At a glace | Opinion | Products | Nutrition | FAQ | Extra Info | Conclusion | Verdict
Amplemeals is a company who stands for nutritional science, education and importance of prime ingredients. Furthermore, they tailor their food to the customers diet habits, and as such, they are one of the only brands offering a “standard”, vegan and keto version. This alone was enough to spike our interest. So here are our thoughts about this ‘revolutionary’ brand in this in-depth Ample review.
Ample is capable of the best and the worst. They have some of the best dedication to prime ingredients and nutrition element focus; but almost incomprehensibly their products are lacking in micronutrients. Their pre-bottled products are really handy, but they can also be hard to store. Their flavour is good, but they only have one. You see the picture.
What We like
- Top-notch prime ingredients.
- No soy, no gluten (also no GMO or artificial sweeteners).
- Addition of probiotics and overall focus on digestive health.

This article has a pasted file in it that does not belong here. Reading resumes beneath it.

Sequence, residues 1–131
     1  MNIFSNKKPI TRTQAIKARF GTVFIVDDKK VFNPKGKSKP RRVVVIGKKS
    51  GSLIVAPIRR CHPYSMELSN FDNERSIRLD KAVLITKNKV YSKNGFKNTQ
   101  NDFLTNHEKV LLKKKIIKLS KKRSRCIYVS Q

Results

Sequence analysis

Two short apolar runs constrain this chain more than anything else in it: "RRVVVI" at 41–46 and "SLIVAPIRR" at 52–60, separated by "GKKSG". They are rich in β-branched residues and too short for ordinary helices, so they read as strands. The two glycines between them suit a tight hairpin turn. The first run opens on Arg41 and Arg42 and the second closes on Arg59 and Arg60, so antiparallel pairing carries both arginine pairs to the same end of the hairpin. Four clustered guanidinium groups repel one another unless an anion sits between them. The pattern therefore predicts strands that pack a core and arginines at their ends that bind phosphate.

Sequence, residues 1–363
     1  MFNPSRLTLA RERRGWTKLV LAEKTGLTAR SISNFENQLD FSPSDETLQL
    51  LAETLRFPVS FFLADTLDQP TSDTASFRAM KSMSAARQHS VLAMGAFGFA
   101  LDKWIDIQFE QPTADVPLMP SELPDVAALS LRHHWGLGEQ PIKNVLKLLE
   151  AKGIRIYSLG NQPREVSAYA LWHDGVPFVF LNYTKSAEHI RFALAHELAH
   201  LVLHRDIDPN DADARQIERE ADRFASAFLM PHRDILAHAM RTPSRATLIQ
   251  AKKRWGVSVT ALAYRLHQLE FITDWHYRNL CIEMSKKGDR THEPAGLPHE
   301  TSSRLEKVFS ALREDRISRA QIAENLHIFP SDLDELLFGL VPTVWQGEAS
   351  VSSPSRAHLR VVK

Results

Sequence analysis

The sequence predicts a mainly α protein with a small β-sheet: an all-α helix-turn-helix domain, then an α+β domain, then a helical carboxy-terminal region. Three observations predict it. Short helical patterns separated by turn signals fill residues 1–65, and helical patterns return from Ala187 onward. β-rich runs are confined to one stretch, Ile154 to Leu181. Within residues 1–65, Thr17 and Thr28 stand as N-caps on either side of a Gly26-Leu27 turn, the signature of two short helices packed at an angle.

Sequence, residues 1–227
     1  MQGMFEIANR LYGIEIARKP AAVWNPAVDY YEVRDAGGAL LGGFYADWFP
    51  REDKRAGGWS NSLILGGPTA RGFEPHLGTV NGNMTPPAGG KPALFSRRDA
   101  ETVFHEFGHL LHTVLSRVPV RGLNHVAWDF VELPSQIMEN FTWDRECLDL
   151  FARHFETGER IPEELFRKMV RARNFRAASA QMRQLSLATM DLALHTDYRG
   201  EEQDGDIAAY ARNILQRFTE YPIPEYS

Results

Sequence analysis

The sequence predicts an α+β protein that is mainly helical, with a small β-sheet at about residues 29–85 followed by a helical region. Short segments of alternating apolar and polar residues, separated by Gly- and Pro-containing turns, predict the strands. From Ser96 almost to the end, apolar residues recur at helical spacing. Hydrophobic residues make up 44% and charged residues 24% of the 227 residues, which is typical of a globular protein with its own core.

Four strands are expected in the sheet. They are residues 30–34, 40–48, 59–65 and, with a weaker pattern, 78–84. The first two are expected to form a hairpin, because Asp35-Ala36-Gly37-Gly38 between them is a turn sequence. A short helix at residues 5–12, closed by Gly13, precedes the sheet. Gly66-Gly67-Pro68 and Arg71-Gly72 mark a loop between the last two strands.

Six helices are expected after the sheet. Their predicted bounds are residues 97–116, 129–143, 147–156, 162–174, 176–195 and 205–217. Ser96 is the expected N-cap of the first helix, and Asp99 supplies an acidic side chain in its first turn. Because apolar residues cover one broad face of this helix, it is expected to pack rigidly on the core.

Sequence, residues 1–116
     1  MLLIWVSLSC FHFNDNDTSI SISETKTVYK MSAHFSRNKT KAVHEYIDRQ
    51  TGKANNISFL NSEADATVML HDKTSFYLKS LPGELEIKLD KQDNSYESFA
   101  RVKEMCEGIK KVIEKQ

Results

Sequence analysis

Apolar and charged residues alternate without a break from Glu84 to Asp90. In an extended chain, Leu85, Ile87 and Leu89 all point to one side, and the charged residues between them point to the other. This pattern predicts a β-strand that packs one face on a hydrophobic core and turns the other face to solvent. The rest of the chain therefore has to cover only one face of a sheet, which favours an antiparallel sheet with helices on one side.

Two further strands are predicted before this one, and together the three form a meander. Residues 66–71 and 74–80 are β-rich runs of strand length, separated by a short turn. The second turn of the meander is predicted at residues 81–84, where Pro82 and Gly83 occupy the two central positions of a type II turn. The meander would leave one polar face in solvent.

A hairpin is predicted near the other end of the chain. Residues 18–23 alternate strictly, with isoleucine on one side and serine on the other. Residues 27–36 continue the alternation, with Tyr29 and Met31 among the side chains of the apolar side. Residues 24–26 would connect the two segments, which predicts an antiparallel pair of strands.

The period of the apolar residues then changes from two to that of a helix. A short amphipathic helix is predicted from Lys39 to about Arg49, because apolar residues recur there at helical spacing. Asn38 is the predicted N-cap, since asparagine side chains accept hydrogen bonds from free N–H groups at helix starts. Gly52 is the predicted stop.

- Pre-prepared bottles in 2 sized (400 and 600kcal).
- Normal, Vegan and Keto Options.
- 30-day taste and quality guarantee.
We will say it again and again in this review. We really like the emphasis that Ample puts on the quality of the ingredients and the process that goes choosing them. This enables them to create unique products that do not have any soy or gluten, which are rare finds in the meal replacement industry.
Their focus towards health is remarkably strong, and thus their addition to probiotics is a very nice touch. Upset tummies should be less of an issue with Ample.
The serving sizes are adequate, as well; however, what it stands out is the delivery. The powder already served in a bottle. This can be handy in situations like air travelling or in the work office, removing all the mess of a shaker and powder (we have all poured powder everywhere, before).
Their product line caters for 3 different nutritional profiles, which is quite an achievement on its own.
What We dislike
- Lack of micronutrients.
- Cost, quality comes to a price.
- No flavour variety.
- All products are high in fat low in carbs.
There is two big flaws with Ample. The first is understandable: the cost. It will be hard to cut it, but the truth is that good things are often expensive. It is hard to find non-GMO and organic ingredients at low price. Some would say simly impossible due to the production limitations.
The second, not so much: the lack of any vitamins and minerals. Please, fix this Ample. In our opinion, complete foods should aim to be so, nutritionally well rounded.
Besides this two, there are also some minor complaints. We would appreciate more flavour variety, but it something that can wait.
- Worldwide shipping.
- Micronutrient profile. Please.